Desert Isle Keeper
The Summer Wives
I’ve been intrigued for years by things I’ve heard about Beatriz Williams’ work, but it wasn’t until I picked up her latest novel, The Summer Wives, that I realized what a master storyteller the author really is. Reading this book has been one of the high points of my summer, and I can’t wait for others to read and love this family drama as much as I did.
Miranda Schuyler is just eighteen in the summer of 1951. Her father died in the World War II, and Miranda has been struggling to make sense of life without him in it. Her mother, once devastated by her husband’s death, is now ready to move on with her life, and has become engaged to the wealthy Hugh Fisher. Miranda joins her mother and soon-to-be stepfather at the Fisher family home on Winthrop Island, located on the Long Island Sound, and discovers a world unlike anything she ever imagined. Miranda may have graduated from a high-class finishing school, but her family seemed to remain just on the fringes of polite society, but now, as part of the Fisher clan, Miranda will have the kind of good fortune her classmates took for granted.
Unfortunately, life on Winthrop feels strange to Miranda. She immediately takes note of the divide that exists between the wealthy people who flock there during the summer and the working-class residents who make their livings as fishermen and servants for the summer visitors. On the surface, these two very different groups seem to tolerate each other reasonably well, but Miranda, keen observer that she is, can sense the current of tension that runs just beneath the polite masks the island residents wear.
Isobel Fisher, Miranda’s new stepsister, is eager to draw her into the island’s high society, but despite her best efforts, Miranda feels like a fish out of water. Something about Isobel and her super privileged friends makes Miranda uncomfortable, and instead, she finds herself inexorably drawn to Joseph Vargas, whose family tends the local lighthouse. Joseph spends his summers helping his father on his lobster boat, but he plans to head off to college in the fall in hopes of one day leaving Winthrop behind forever.
As the summer passes, tensions begin to mount between the Fisher and the Vargas families. Hugh Fisher doesn’t want either Miranda or Isobel to have anything to do with Joseph, and neither young woman can figure out why. Miranda cares only about the deepening feelings she has for Joseph, and she’s determined to find a way for them to be together forever.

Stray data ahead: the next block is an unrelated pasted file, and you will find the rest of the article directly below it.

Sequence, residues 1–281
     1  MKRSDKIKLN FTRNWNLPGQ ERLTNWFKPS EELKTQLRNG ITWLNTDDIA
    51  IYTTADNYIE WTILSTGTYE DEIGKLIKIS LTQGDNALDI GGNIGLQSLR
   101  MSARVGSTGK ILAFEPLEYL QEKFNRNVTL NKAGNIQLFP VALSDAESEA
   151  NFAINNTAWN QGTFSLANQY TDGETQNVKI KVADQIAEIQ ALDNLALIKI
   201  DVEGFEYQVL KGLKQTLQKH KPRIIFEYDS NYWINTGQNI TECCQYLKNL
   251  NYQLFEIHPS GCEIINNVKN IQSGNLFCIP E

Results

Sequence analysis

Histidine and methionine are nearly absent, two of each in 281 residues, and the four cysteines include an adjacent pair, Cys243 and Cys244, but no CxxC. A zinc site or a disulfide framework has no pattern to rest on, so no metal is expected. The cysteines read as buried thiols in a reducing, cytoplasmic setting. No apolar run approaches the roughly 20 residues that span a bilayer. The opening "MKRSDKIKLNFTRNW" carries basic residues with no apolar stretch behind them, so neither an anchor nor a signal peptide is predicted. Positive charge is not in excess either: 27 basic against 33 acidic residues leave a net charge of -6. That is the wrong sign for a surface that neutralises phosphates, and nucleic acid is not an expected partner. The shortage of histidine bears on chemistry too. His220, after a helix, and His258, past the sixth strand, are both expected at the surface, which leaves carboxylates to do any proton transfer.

Of course, things don’t work out the way Miranda planned, and in fact, the summer ends in tragedy when Hugh is killed, and Joseph stands accused of the crime. Winthrop’s residents blame Miranda for all the strife, and she flees the island in disgrace, not to return for eighteen long years.
In the summer of 1969 Miranda, now a famous Shakespearian actress in search of a quiet place to take stock of her life, finally comes back to Winthrop. She’s not sure how she’ll be received, but she figures she’s been gone long enough for the scandal to have blown over and been forgotten. Once she arrives, however, she discovers that most people haven’t forgiven her for her part in the horrible events that took place during that long ago summer. The Fishers seem to have fallen on hard times, and Joseph – who was convicted of Hugh’s murder – is rumored to have escaped from prison.
Miranda never believed Joseph was responsible for her stepfather’s death, and she sets about trying to clear his name. She’s not sure if the two of them can ever have a future together, but she’s pretty sure everyone needs to learn the truth about what really happened on the night Hugh died. Unfortunately for Miranda, there is someone on Winthrop who doesn’t want the truth to come to light, someone with dark secrets to hide.
The story moves back and forth between 1951 and 1969, slowly revealing long-hidden truths that have the power to completely alter the lives of those who call Winthrop home. Most of the story is told from Miranda’s point of view, but we are given the occasional glimpse into the thoughts of a few other characters, something that gives the novel a well-rounded, very authentic feel.
I loved watching Miranda change from a timid wallflower into a self-assured, mature woman who refuses to let social conventions dictate the way she lives her life. She makes some foolish decisions when she’s young, but she learns from them. In fact, her poor choices actually seem to help her become a better person in the end.
If you go into this book expecting a mystery, you’re likely to be disappointed. The Summer Wives does contain an undercurrent of suspense, but it’s not the force that drives the story. Instead, the novel’s focus is on the relationships between the various characters, and the ways in which those relationships have influenced their development. There is quite a bit of emphasis on the role family plays in our lives, as the characters struggle to come to terms with all manner of difficult truths.
The writing is lyrical and poignant without being overly dramatic or pretentious. Ms. Williams managed to transport me to a different place and time, and I loved every moment I spent in the world she created. I’ve already purchased several of her back list titles, and I can’t wait to once again lose myself in one of her well-crafted stories.